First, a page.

Vomiting is a complex process coordinated centrally by the emetic center which consists of several brainstem nuclei (area postrema, nucleus tractus solitarius, dorsal motor nucleus of the vagus) that receive and integrate sensory stimuli from central and peripheral sources and chemical stimuli from the circulation and the cerebro-spinal fluid. Maropitant is a neurokinin 1 (NK1) receptor antagonist which acts by inhibiting the binding of substance P, a neuropeptide of the tachykinin family. Substance P is found in significant concentrations in the nuclei comprising the emetic center and is considered the key neurotransmitter involved in emesis.1 By inhibiting the binding of substance P within the emetic center, maropitant provides broad-spectrum effectiveness against neural (central) and humoral (peripheral) causes of vomiting. In vivo model studies in dogs have shown that maropitant has antiemetic effectiveness against both central and peripheral emetogens including apomorphine, and syrup of ipecac.1Diemunsch P, Grelot L. Potential of substance P antagonists as antiemetics. [Review] [60 refs]. Drugs. 2000;60:533-46.
Prevention Of Acute Vomiting
In laboratory model studies, CERENIA Tablets dosed at a minimum of 2 mg/kg BW reduced the number of emetic events associated with established neural (central) and humoral (peripheral) stimuli. Following administration of apomorphine (central emetic stimuli), vomiting was observed in 33% (4 of 12) of Beagle dogs treated with CERENIA Tablets and 100% (12 of 12) of Beagle dogs treated with placebo tablets. Following administration of syrup of ipecac (peripheral emetic stimuli) vomiting was observed in 33% (4 of 12) of Beagle dogs treated with CERENIA Tablets and in 83% (10 of 12) of Beagle dogs treated with placebo tablets.In a study of 275 canine patients presented to veterinary hospitals with a history of acute vomiting, dogs were initially administered CERENIA Injectable Solution or placebo on Day 0. Following the initial dose, dogs allocated to the CERENIA group were treated with either CERENIA Tablets at a minimum of 2 mg/kg orally or Injectable Solution at 1 mg/kg subcutaneously once daily at the discretion of the clinician. Dogs allocated to the placebo group were treated using either an injectable placebo solution or placebo tablets once daily at the discretion of the clinician. Of the 199 dogs included in the analysis for effectiveness, 27 of 54 dogs (50%) in the placebo group displayed vomiting at some time during the study and 31 of 145 dogs (21.4%) in the treated group displayed vomiting during the study period.Percent Of Vomiting For Each Study Day, Based Upon Treatment And Route Of Administration. Days Treatment Route # dogs # vomited % vomited Day 0 Placebo (54) SC 54 15 28% CERENIA (145) SC 145 (1432 dogs administered CERENIA were not observed on Day 0. Their vomiting status was unknown. 143 was used in the denominator for % vomited.) 14 10% Day 1 Placebo (45) PO 22 3 14% SC 23 16 70% CERENIA (108) PO 67 2 3% SC 41 16 39% Day 2 Placebo (16) PO 7 2 29% SC 9 6 67% CERENIA (37) PO 24 0 0% SC 13 8 62% Day 3 Placebo (6) PO 2 0 0% SC 4 1 25% CERENIA (21) PO 14 0 0% SC 7 5 71% Day 4 Placebo (2) PO 1 0 0% SC 1 1 100% CERENIA (7) PO 5 0 0% SC 2 1 50% Day 5 CERENIA (1) SC 1 0 0%*2 dogs administered CERENIA were not observed on Day 0. Their vomiting status was unknown. 143 was used in the denominator for % vomited. In US field studies in veterinary patients, CERENIA Tablets and Injectable Solution were well tolerated in dogs presenting with various conditions including parvovirus, gastroenteritis, and renal disease. There were no notable differences in mean laboratory values between CERENIA-treated and placebo-treated patients.CERENIA Tablets were used safely in dogs receiving other frequently used veterinary products such as fluid and electrolyte replacement solutions, antimicrobial agents, vaccines, antacids, and antiparasitic agents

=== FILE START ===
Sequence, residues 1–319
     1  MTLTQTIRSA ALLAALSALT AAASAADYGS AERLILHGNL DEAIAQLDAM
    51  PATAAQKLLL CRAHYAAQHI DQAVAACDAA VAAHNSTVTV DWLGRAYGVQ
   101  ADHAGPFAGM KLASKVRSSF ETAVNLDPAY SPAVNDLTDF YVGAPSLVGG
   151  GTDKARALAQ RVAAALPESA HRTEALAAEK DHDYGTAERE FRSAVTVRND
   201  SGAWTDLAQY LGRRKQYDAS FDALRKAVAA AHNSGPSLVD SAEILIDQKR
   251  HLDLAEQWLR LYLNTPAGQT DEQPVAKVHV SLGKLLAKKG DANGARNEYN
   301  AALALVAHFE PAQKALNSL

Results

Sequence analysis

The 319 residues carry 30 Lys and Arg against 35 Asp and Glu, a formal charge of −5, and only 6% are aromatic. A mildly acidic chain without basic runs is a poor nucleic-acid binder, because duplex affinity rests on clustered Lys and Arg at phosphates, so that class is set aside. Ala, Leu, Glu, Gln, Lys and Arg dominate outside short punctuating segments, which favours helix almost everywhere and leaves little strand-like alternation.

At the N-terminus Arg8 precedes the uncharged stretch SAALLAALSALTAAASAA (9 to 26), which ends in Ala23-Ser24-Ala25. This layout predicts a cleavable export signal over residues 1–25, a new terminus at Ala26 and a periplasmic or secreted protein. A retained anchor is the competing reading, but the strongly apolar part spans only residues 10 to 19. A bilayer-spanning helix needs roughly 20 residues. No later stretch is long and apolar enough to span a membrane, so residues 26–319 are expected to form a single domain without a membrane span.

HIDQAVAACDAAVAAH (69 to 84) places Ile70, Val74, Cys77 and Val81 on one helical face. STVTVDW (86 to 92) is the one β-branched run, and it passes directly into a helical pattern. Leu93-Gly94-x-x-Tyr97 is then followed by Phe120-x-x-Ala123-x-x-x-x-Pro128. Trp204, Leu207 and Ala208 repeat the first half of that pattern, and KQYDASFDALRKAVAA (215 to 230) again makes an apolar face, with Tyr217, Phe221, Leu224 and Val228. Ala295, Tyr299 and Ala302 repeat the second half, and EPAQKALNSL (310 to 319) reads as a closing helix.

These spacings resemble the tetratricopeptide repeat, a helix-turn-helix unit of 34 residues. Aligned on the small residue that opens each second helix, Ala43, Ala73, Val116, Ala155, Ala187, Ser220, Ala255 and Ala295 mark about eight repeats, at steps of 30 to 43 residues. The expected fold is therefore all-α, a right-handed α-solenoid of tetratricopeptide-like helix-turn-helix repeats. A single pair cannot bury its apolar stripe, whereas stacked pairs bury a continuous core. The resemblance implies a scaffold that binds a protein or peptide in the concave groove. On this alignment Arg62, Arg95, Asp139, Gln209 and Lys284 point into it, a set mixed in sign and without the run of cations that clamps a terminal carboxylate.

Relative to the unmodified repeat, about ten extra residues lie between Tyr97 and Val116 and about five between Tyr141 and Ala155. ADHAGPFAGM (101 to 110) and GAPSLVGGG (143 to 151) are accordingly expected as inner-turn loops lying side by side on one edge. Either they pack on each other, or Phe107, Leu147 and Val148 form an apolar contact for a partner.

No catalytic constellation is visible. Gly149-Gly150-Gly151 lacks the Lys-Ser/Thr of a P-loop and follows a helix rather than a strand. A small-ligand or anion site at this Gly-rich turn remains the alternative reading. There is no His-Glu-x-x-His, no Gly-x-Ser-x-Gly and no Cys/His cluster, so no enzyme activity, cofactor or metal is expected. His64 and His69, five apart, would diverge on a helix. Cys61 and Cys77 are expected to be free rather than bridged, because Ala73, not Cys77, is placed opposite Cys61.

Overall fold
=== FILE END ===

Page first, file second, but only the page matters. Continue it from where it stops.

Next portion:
Prevention Of Vomiting Due To Motion Sickness
In a study of canine veterinary patients taken on a one-hour car journey and treated with either CERENIA Tablets at a minimum dose of 8 mg/kg BW or placebo tablets 2 hours prior to the journey, 67 of 122 (55%) of dogs vomited during the journey when treated with placebo while 8 of 122 (7%) vomited during the journey after treatment with CERENIA Tablets. The probability that a dog in this study, prone to motion sickness would NOT vomit during a journey if treated with CERENIA Tablets was 93%, while the probability was 48% if treated with placebo.
Laboratory and field studies have demonstrated that CERENIA Tablets are well tolerated in dogs after oral administration.
Target Animal Safety Study For Acute Vomiting